Bike share mapping creates beautiful portraits of London, NYC and Berlin (this is very cool)

Bike sharing isn’t very popular around the Northwest Florida area but it is in larger cities across the globe.  There is a very neat project that shows the real-time bike sharing use across major cities in North America and Europe.  Now, I love riding my bike but for me to be able to get to the office from my home would mean that I would leave the house at 3 in the morning.  But, if I were located in a larger city with an adequate cycling lanes, I would probably be one who commutes by bike.

Follow the link in the quote and see how this project started and what the visuals reveal about the programs.

Thanks to http://metrocosm.com/ for the post on facebook about the article.

Bike sharing programmes have grown from just 24 cities worldwide a decade ago to more than 800 cities today, but how has a 200-year-old device suddenly become the next big thing in urban transport? The key is digital information, the real-time GPS technology that allows the bikes to be tracked and secured, and lets cities monitor how and where they are being used.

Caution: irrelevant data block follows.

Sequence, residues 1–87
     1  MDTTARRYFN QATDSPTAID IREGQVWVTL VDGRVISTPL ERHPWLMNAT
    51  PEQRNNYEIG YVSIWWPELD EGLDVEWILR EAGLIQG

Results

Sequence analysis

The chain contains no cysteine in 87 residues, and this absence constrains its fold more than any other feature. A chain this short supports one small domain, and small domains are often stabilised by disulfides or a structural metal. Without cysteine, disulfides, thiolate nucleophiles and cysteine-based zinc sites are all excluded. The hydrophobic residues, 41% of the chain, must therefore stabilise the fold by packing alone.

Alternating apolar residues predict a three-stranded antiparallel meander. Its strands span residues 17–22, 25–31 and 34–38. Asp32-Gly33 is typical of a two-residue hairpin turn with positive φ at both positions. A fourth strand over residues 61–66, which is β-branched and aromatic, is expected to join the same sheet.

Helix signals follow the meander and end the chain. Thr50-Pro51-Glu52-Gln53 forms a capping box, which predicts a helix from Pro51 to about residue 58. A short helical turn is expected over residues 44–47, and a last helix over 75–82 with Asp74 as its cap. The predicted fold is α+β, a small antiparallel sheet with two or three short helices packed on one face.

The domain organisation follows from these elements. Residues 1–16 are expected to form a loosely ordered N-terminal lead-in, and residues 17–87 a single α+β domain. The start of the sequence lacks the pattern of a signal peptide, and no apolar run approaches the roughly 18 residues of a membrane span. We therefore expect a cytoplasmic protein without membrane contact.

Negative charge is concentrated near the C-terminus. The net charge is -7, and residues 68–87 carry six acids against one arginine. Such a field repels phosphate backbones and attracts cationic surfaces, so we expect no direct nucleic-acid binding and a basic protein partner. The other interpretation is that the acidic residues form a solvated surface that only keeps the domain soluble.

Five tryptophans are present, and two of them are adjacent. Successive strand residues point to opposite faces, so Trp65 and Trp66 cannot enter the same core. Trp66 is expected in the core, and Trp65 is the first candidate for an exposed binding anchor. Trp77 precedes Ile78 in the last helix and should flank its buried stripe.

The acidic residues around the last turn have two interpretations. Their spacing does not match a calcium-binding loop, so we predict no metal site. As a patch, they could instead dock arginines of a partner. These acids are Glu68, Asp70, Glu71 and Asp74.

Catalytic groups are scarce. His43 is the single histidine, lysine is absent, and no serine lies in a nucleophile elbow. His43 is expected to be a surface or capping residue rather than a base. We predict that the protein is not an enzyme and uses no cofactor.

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Australia to shift 1.8 meters on New Years day

On New Years day Australia will “shift”, what wait?  No, really it will shift digitally because it has been slowly shifting 7 cm per year because of tectonic plate movement.   The last update was in 1994 and can/does create errors with GPS units and data.   Here are a couple of great articles about the shift and why.

Maps of Australia are all five feet off. Would you be brave enough to use a self-driving car there?

Australia Will Suddenly Move 1.8 Meters North On New Year’s Day

 

Today’s Remote Sensing Image of the day: Nishinoshima Volcanic Island Growth

This image was taken by Worldview-2 one of the many remote sensing satellites that DigitalGlobe has in its fleet. The imagery is from December 31, 2013, I love remote imagery, this is a very awesome image.

Read more or go here to see some awesome imagery by DigitalGlobe.

An island rises out of the Pacific Ocean off the coast of Japan in this December 31, 2013 image captured by WorldView-2. Formed by a still-active undersea volcano, scientists claim the new island, Nishinoshima, will offer a rare chance to examine how new life colonizes barren land.Nishinoshima_JP_WV2_31DEC2013_XL_1920x1080